The water purification system of the present invention can include a make up stream supply 42. The water purification system can accept filtered water, coarsely filtered water, or unfiltered water as a make up stream 44 from the make up stream supply 42. It is thought that the concentrate filtration membrane 16 can remove impurities such as biological foulants which may be introduced in the make up stream 44. If water of sufficient purity is introduced as the make up stream 44, the make up stream 44 can be introduced after the concentrate filtration membrane 16; that is, the make up stream 44 can be introduced into the filtered concentrate effluent stream 18 or into the concentrating compartments 10. Thus, the concentrate effluent stream 14, the filtered concentrate effluent stream 18, the concentrate filtration membrane 16, or the concentrating compartments 10 can receive a make up stream 44. The EDI product stream 4 can have a flow rate greater than or equal to 97% of the combined flow rate of the diluting feed stream 8 and the make up stream 44.

A waste unit 40 can receive a bleed stream 50 from the filtered concentrate effluent stream 18 or from the concentrate effluent stream 14. The waste unit 40 can receive a bleed stream 50 from the concentrate filtration membrane 16 or from the concentrating compartment 10.

As shown in FIG. 2, the water purification system can include a side stream filtration membrane 34 capable of separating a fraction of the filtered concentrate effluent stream 18 into a side permeate stream 36 and a side reject stream 38. The side reject stream 38 can serve as a bleed stream; a waste unit 40 can receive substantially all of the side reject stream 38. The concentrating compartment 10 or the concentrate filtration membrane 16 can receive the side permeate stream 36.

The side stream filtration membrane 34 can include a microfiltration membrane, an ultrafiltration membrane, a nanofiltration membrane, a reverse-osmosis membrane, or any combination of these. Impurities removed by the side stream filtration membrane 34 can be passed to the side reject stream 38. By concentrating impurities in the side reject stream 38, the flow rate of water that is discharged in removing impurities in order to, for example, prevent impurities from exceeding a certain level in the concentrating compartments 10, can be reduced. By reducing the flow rate of water discharged in a bleed stream, for example, the side reject stream 38, the flow rate of water that must be added in a make up stream 44 is reduced, and, therefore, the overall consumption of water in producing a unit volume of the EDI product stream 4 is reduced. A side stream filtration membrane 34 can be used that removes monovalent salt as well as other impurities from the filtered concentrate effluent stream 18. Although an elevated concentration of monovalent salt in the concentrating compartments 10 may be desirable in order to maintain a high conductivity through the concentrating compartments 10, the concentration of monovalent salt in the concentrating compartments 10 should not exceed a certain level. A side stream filtration membrane 34 can, for example, include a reverse-osmosis membrane that can remove monovalent salt. Alternatively, a side stream filtration membrane 34 can be capable of separating a fraction of the concentrate effluent stream 14 into a side permeate stream 36 and a side reject stream 38; the concentrate filtration membrane 16 can receive the side permeate stream 36, and the side reject stream 38 can be received by a waste unit 40.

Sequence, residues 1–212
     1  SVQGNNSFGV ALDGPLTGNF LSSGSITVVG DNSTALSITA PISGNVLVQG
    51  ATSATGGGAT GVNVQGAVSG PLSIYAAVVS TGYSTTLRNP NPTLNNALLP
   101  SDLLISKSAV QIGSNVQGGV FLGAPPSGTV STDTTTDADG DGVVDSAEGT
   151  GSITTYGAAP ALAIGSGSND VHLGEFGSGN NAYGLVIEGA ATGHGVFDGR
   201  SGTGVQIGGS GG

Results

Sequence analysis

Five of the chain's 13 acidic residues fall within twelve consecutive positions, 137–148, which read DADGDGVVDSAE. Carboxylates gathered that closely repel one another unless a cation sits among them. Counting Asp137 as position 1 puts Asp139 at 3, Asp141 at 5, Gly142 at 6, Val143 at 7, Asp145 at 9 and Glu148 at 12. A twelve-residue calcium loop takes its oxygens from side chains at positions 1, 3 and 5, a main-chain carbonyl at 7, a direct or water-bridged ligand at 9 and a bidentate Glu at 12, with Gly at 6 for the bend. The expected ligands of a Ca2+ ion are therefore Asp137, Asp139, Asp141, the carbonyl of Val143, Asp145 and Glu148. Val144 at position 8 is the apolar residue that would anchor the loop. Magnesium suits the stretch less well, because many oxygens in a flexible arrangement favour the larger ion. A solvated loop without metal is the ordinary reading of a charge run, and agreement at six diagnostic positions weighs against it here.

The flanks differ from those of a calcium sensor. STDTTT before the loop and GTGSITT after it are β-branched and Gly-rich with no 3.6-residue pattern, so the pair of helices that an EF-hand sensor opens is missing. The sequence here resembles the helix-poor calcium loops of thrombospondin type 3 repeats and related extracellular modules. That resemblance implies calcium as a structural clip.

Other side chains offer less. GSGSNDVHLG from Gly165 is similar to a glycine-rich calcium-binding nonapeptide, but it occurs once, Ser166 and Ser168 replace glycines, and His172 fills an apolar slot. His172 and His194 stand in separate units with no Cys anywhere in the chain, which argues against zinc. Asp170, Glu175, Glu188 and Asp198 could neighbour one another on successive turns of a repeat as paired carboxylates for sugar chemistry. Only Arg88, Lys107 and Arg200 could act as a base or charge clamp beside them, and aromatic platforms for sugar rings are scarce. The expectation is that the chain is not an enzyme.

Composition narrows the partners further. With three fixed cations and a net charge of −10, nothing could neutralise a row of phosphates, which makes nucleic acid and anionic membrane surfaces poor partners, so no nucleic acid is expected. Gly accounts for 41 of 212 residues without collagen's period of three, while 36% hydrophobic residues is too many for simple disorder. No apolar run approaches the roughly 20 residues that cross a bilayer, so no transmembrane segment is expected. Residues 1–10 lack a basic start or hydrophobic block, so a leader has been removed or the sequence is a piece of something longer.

The electrodeionization unit 2 can include compartment separation membranes 46 which separate the diluting compartments 6 from the concentrating compartments 10. If a substance such as a biological foulant accumulates on a compartment separation membrane 46, for example, on the side of a compartment separation membrane 46 adjacent to the concentrating compartment 10, the accumulated substance can restrict the flow of ions through the membrane 46 and detrimentally affect the operation of the electrodeionization unit 2. For example, if a substance such as a biological foulant accumulates, the concentration of impurities remaining in the EDI product stream 4 can increase, or it can be necessary to reduce the flow rate of the diluting feed stream 8, and thus of the EDI product stream 4, to maintain a low concentration of impurities in the EDI product stream 4. If a substance such as a biological foulant accumulates on the side of a compartment separation membrane 46 adjacent to a concentrating compartment 10, the pressure drop associated with a given flow rate of fluid through the concentrating compartment 10 can increase. Then, application of a greater pressure differential across the concentrating compartment 10, between an inlet of the concentrating compartment 10 for receiving the concentrating feed stream 12 and an outlet of the concentrating compartment 10 for outputting a concentrate effluent stream 14, can be required to maintain the flow rate. The greater pressure differential required to maintain the flow rate can result in a greater power consumption. A reverse osmosis membrane supplied with, for example, surface water such as surface water with a concentration of total dissolved solids of from about 5 ppm to about 200 ppm can filter impurities such as dissolved solids, bacteria, and other biological foulants; the filtered water can be provided to the diluting stream 8 and the make up stream 44.